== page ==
PHUKET: Recovered from her diving accident, Nicole still combs through the details of the day, searching for the tiny factors that might have contributed to the serious case of neurological decompression sickness (DCS Type II) she faced a year and half ago after a 22-meter dive in the Similan National Park.
Unless it’s a ruthless horror story about DCS, where a diver clearly did something wrong, many of us squirm when talking about getting “bent”. Though few will admit it, judgment is passed on those who have suffered from DCS. There is a fundamental assumption that a diver “must have done something wrong to get bent” – but most haven’t.
The rules we follow – not working out after diving, getting a full night’s sleep and following conservative dive profiles – are all designed to minimize the risk of DCS so that we can
enjoy the beautiful wonders below the water’s surface. Nonetheless these risks can never be entirely eliminated.
Nicole, an experienced diver with over 200 logged dives since 1994, did not surpass her decompression limits, she did not ascend too quickly or skip her safety-stop – she made her third dive of the day on Barracuda Point well within the limits of what is reasonable.
“We went down to 22 meters and came slowly up to 10 meters, stayed between eight meters and 10 meters for a while, and then did the safety stop at five meters and came up to the surface. Our total dive time was 47 minutes,” Nicole recalls.
Looking back at the day, Nicole remembers the heat and a mild headache before splashing in, perhaps signs that she should have sat the dive out… but almost every diver is regularly willing to jump without feeling “100 per cent”. A little hot from a wetsuit, a little nauseous from seasickness, the symptoms and justifications go on.
“I just had a mild headache, but it was a very hot day. So we stayed in the shade and drank a lot of water,” Nicole explained.
“Some inexperienced divers told me that they were diving and had no problems, so I must have done something wrong. Experienced divers don’t think that it was my fault – they know that sometimes ‘it just happens’ and that it can happen to anyone,” Nicole said.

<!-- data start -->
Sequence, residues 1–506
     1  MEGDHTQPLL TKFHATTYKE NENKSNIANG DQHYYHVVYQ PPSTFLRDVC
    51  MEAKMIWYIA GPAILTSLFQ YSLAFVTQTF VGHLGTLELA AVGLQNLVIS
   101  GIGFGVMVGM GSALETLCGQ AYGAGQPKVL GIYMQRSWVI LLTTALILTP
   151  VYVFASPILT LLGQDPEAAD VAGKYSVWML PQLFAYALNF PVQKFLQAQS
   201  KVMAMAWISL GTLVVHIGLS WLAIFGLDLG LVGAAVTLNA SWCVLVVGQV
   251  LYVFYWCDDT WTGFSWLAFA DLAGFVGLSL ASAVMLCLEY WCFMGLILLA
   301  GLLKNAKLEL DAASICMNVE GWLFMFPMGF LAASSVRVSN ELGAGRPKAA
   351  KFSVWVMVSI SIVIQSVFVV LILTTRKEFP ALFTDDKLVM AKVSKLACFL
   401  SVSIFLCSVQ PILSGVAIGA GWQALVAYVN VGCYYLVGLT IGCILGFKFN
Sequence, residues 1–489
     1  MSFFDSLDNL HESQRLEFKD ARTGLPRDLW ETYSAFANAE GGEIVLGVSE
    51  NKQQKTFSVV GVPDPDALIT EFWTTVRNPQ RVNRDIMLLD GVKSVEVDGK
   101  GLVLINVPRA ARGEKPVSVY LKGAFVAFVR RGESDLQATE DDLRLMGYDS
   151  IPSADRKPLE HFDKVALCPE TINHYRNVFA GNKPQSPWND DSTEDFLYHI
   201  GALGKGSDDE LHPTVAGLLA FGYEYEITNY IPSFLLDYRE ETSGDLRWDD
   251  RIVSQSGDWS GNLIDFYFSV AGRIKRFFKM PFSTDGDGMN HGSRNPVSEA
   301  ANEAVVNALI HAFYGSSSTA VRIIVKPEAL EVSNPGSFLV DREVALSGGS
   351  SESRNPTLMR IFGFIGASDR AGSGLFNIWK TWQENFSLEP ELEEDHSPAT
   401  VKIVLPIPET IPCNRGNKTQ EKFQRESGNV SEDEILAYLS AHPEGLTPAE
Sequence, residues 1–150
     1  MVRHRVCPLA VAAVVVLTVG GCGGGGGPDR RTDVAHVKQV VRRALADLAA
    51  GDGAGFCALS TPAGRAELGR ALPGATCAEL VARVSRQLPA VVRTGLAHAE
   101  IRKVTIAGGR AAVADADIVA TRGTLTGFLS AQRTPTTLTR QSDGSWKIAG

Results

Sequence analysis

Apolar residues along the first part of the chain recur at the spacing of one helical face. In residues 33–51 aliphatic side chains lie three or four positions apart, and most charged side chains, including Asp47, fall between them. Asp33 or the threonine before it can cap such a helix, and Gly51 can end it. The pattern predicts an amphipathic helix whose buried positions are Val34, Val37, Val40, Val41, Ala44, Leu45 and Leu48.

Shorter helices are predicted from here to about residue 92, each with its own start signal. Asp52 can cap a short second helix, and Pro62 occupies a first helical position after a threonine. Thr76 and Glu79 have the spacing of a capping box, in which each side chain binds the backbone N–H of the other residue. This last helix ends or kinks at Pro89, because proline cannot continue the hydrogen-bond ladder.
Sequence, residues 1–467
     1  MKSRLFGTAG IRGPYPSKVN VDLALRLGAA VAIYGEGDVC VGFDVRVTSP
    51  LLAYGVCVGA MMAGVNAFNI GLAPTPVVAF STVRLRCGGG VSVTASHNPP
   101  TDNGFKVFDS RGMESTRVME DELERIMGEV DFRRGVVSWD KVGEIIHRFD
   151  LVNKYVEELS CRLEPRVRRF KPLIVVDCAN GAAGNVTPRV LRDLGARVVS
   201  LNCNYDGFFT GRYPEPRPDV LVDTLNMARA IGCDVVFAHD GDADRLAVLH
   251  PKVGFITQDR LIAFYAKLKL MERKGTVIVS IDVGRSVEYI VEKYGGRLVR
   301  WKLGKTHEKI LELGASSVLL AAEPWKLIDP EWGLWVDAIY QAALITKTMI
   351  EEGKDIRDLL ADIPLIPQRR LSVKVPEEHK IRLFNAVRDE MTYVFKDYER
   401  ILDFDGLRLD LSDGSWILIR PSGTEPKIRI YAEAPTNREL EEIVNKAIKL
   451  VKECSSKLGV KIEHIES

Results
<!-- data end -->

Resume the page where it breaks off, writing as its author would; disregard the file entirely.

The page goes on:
Groups have systematically ostracized those things and situations they don’t understand, often fearfully casting them into the realm of myth – divers are no exception. However, as we continue to explore our world above and below the surface, our understanding of it grows and we are able to shed the baggage of myth and see the world for what it is. As happened to Nicole and countless others (there is no single organization that provides DCS statistics or data), DCS can take hold of a diver without a clear single factor to isolate and avoid.
Despite years of research, our understanding of the tiny microscopic bubbles that cause DCS still lives in the world of theory.
“The current thinking is that bubbles exist to some degree in the body after all dives. If the bubbles are few and small, they have no effect, but if they are plentiful, their volume can be large enough to cause decompression sickness,” explains the PADI Encyclopedia of Recreational Diving.
Most scientists, though not all, are fairly sure that these tiny microscopic bubbles are created within our supersaturated tissues after a dive, through a process known as nucleation. What they are less confident about is what factors will increase the rate at which these bubbles are produced and what combination of factors will take an individual diver beyond the limit of safe diving.
Seven months later, after hours of being treated in a hyperbaric chamber in Phuket, Nicole stood on the dive platform of a boat in Egypt – cleared to dive.
“Standing on the boat platform my heart was beating like it was going to explode. I was asking myself, ‘will something happen again when I go underwater?'” Nicole said.”I wanted to dive, it was just three seconds away.”
Nicole, after suffering from a severe case of neurological DCS, took the plunge, and again joined the ranks of recreational divers and explorers around the world.
— Isaac Stone Simonelli
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